Memoir Review: Deep Salt Water

Deep Salt Water

Marianne Apostolides, 176 pgs, BookThug,, $20

The ocean is a vast home, to births and to deaths — a perpetual ebb and flow of fluid change and sandy permanence. It is also the setting Marianne Apostolides adopts to tell an epic saga of abortion and loss.

In Deep Salt Water, Apostolides traces her own history in conjunction with that of the Earth (a Greek myth of sorts) whose episodes work alongside the gestation of a child, never born. This chronicle brings us into the present, the anthropocene, and from her labour emerges this cleansing and meditative memoir.

Amidst the oft-employed water metaphor, Apostolides plunges to new depths, seeking an origin story for herself. She plunders words for meanings that aren’t found in the standard abortion lexicon: “amnesty” is similar to “amnesia,” perhaps to truly forgive we must forget, and, of course, writing “might be a salve, but it’s not salvation.”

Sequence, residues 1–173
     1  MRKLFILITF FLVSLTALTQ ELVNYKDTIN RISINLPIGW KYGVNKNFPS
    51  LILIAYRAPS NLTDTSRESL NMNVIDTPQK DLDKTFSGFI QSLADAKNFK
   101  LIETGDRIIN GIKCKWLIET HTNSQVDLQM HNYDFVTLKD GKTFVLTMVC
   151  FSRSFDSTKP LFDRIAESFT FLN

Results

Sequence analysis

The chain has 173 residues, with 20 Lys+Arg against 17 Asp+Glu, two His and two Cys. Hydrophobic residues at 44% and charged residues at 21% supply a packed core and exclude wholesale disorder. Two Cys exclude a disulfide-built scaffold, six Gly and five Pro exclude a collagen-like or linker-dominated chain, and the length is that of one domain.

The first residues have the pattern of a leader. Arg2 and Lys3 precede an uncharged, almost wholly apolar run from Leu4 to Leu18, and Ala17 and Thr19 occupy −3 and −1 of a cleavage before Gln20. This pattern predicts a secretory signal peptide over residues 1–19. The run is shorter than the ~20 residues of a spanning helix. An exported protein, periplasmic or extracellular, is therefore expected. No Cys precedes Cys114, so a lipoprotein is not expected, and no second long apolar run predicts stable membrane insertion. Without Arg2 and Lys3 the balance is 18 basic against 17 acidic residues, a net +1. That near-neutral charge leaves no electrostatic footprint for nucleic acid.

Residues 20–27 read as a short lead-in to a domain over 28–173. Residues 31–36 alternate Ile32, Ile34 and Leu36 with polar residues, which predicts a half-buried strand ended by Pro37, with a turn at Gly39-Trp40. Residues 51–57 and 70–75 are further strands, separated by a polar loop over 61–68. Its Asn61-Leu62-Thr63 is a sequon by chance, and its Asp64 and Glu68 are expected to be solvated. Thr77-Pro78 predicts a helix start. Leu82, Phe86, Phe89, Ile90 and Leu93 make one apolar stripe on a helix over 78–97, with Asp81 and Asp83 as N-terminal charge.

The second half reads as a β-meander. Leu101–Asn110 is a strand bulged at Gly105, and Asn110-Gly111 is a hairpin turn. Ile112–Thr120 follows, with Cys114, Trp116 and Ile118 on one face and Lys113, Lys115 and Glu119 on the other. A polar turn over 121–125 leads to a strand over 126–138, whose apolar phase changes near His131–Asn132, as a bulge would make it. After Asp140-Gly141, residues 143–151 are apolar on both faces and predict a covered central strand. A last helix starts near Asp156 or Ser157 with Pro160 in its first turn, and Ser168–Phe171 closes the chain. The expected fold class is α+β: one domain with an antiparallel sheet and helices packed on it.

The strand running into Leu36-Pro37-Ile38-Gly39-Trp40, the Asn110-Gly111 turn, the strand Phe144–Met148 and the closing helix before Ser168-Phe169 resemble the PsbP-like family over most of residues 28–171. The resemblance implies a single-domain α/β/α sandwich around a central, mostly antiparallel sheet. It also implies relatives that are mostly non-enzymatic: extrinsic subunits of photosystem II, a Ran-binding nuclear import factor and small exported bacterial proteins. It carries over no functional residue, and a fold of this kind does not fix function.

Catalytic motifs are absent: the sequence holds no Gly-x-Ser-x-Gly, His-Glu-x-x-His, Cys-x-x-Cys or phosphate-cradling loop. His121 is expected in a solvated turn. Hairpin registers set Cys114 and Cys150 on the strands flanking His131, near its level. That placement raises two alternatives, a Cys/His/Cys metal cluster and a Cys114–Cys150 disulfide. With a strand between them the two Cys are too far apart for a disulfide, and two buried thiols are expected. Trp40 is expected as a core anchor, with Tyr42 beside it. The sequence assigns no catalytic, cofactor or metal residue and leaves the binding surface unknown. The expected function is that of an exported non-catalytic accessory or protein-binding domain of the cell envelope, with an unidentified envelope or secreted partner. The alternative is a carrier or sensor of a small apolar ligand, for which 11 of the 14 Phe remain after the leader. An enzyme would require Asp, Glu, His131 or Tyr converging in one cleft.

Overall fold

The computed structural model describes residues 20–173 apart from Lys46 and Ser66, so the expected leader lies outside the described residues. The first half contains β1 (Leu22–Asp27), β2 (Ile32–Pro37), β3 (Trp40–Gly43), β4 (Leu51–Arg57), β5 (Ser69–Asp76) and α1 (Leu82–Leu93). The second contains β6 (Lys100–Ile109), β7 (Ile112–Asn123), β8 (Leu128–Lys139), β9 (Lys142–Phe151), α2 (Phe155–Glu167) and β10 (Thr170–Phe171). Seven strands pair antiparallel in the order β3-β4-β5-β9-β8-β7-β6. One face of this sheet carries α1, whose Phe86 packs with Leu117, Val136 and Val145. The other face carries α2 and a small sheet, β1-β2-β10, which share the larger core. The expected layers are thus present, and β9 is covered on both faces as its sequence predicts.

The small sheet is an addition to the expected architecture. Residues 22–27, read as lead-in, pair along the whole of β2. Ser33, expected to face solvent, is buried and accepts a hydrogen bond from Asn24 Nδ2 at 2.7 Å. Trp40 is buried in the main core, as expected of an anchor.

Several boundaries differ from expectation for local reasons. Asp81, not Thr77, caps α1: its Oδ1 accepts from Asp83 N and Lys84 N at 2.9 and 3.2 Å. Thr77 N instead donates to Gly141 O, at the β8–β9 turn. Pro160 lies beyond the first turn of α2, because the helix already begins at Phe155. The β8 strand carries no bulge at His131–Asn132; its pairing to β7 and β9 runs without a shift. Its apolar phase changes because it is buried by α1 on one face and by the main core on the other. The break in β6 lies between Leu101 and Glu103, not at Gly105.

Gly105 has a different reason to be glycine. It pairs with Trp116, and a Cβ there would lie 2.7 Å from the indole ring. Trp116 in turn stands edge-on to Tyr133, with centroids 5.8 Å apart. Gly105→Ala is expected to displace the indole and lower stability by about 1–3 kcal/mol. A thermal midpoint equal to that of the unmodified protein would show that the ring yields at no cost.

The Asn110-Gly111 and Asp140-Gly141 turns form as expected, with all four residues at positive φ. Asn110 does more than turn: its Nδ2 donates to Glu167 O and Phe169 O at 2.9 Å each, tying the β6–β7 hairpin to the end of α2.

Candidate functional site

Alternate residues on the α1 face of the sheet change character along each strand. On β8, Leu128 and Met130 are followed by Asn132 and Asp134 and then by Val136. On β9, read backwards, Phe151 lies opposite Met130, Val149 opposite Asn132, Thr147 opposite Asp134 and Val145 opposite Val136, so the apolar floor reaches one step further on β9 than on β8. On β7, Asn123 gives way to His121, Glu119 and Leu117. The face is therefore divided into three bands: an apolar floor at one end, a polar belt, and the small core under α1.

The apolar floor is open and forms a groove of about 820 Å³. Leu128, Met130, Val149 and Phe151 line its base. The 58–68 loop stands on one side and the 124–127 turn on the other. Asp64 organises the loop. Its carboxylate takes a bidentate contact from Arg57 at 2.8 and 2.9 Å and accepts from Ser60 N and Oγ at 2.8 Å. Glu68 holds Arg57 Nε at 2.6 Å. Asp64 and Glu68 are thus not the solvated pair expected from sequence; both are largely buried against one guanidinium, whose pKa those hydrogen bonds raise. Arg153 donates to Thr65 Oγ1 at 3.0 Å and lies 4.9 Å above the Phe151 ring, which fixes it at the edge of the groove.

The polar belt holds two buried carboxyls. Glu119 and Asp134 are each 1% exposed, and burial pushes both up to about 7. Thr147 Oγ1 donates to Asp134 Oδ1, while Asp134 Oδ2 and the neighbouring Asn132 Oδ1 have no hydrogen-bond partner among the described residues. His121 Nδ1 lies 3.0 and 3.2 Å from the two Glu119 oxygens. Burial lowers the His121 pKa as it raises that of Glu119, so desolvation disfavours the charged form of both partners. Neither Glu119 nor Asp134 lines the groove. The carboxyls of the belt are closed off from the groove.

Apostolides struggles to write into existence what is not there, the “gone-ness” that is now, paradoxically, a part of her body. Here, mixed media collages by artist Catherine Mellinger, scattered throughout the text, work to fill these spaces, to animate “dis-appearance” with beautiful, coral-coloured collages of the unborn daughter in various phases of development as a fugal accompaniment to the text.

Somehow Apostolides’ attempt to tackle infinite expanse succeeds by way of commingling of sand, seaweed, and scientific fact reads like a breath of air, or a breeze from an incoming tide. Though “tides are predictable. Grief is not.” We are reminded of the powerful echoes and impacts of a decision made 17 years prior, as though it were an eruptive volcano, or perhaps a crashing tsunami. The cause is unknown and unexpected, but the effect is powerful and lasting.

Apostolides’ prose, clear but at times tinged with remorse, proves to be as hopeful and dependable as the ocean itself — “Life dredged me dry, but I kept flooding.” (Megan Hamilton)